Last weekend, 31 million people watched a football game between Seattle and Carolina; only six shows that week managed to get even half that many.
And now an even bigger audience is expected for the games Sunday (Jan. 18). That means every show wants to be in the Sunday spot after the game. The winner is "Scorpion," which is on a first-season high. Here's the story I sent to papers:
By MIKE HUGHES
LOS ANGELES -- For
football players, the ultimate goal may be the Super Bowl; for mere
actors, it's to have the spot after the Super Bowl.
But that spot only
goes to one show a year; this time (Feb. 1 on NBC), it wil be “The
Blacklist.” Before that, the second-best spot – after Sunday's
AFC championship game – goes to “Scorpion.”
And yes, that's part
of a surprising first year for a show that is about computer hackers.
“The show isn't
just about us doing techie stuff,” insisted Eddie Kaye Thomas, one
of the co-stars. “It's a show about a bunch of people who happen to
be really smart.”
For CBS. “Scorpion”
is sort of the drama version of “The Big Bang Theory.” Again,
there are four people (played by Elyes Gabel, Ari Stidham, Jadyn Wong
and Thomas), strong on tech skills and weak on people skills. Again,
a beautiful waitress (Katharine McPhee) nudges them through life.
Paige (McPhee) also has a genius son ... And the FBI keeps asking
them to save the world ... And often, the computer-hacking skills
aren't what matters.
“In the writers'
room, we use the shorthand – 'we'll do a little click-and-clack,'”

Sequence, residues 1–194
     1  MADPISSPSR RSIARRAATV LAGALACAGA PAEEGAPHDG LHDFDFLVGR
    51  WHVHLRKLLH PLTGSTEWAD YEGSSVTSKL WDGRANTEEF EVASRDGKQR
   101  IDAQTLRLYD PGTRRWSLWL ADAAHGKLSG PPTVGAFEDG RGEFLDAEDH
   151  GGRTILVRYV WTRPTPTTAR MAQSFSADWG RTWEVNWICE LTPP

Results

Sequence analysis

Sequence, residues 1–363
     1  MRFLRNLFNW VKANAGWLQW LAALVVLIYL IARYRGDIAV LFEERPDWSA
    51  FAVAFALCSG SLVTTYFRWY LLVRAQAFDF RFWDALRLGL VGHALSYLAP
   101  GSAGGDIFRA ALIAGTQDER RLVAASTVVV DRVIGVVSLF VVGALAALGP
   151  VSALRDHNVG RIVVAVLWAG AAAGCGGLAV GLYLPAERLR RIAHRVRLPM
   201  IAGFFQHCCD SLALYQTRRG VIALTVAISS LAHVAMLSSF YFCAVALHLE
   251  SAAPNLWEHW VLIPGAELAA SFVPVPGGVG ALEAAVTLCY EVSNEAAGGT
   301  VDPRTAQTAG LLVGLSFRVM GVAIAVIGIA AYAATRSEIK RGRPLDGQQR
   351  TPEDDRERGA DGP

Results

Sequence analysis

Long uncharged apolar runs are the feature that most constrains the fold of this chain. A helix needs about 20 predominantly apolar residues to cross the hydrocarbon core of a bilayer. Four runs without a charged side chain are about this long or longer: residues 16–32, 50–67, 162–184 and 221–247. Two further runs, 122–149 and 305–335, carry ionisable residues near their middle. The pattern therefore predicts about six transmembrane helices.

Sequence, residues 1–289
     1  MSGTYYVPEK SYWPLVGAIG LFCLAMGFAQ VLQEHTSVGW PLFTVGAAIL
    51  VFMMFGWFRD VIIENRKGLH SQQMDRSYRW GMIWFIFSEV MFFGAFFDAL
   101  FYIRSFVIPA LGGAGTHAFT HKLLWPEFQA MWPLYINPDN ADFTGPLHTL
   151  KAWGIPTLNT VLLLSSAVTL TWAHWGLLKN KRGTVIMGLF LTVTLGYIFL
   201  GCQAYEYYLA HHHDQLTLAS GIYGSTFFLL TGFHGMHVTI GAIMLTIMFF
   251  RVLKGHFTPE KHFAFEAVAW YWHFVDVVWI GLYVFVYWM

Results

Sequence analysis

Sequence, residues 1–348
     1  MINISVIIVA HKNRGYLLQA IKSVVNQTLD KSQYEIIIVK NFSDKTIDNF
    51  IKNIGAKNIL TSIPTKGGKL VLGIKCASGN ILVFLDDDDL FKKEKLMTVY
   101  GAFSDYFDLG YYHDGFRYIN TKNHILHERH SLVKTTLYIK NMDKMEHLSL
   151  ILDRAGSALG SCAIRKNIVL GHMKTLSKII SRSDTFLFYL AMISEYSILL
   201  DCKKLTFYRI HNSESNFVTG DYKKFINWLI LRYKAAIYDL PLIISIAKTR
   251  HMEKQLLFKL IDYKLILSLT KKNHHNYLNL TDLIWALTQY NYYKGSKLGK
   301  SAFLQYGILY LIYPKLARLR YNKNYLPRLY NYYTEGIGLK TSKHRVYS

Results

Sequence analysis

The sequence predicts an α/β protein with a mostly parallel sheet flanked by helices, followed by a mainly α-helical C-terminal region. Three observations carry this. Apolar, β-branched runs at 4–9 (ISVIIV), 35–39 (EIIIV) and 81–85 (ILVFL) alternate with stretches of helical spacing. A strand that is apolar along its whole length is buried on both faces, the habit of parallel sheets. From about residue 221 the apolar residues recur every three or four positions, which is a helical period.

producer Nick Santora said of the hacking. “But the really smart,
geniusy stuff is what they do when the're on the run.”
Audiences approve –
last week, “Scorpion” was No. 9 in the Nielsen ratings – and
Thomas is relieved. “I've done enough failed shows,” he said. “It
is so exciting to be on a good one.”
The show has worked
by including large dabs of warmth and emotion. Typical of that was
the episode that was originally handed the post-football spot: Vital
information is locked inside the mind of a memory-impaired former
Secret Service agent. “There's big feeling to it,” said producer
Nicholas Wootten. “They're real people who do big things.”
Except CBS then
decided to flip the episodes. That one was moved to Monday; Sunday's
post-football slot goes to one that includes Paige teaching Walter
(Gabel) how to flirt.
growth has been key to the show. “We see Pinocchio turn into a real
boy over the season,” Santora said. “The audience is going to
love it; he's going to hate it.”
At times, these
geniuses become action heroes ... albeit reluctantly. “It's hard to
do action when you're a bigger dude,” said Stidham, who plays
Sylvester. “I'm not a runner, sprinter, jumper, parkour guy.”
He was a
serious-theater kid, in a junior Shakespeare troupe from ages 11 to
14. He was also big; at 15, he went to a “fat camp” ... at 17,
he was one of the stars of “Huge,” a praised series set in a fat
camp. And now, at 22, he's on a mainstream hit.
There, Stidham is
typical of a team in which people elude easy stereotypes. He may seem
vaguely ethnic, which he is; his dad is Moroccan. He may look like a
tech whiz, which he isn't; there's “a lot of money that CBS lost
because of (my) actual technological glitch.” he said.
And he sort of looks
like a football lineman, which he's not. On Sunday, however, his show
will be seen by some spillover football fans .
-- “Scorpion,” 9
p.m. Mondays, CBS
-- Also after the
AFC championship game (10 p.m. ET or so) Sunday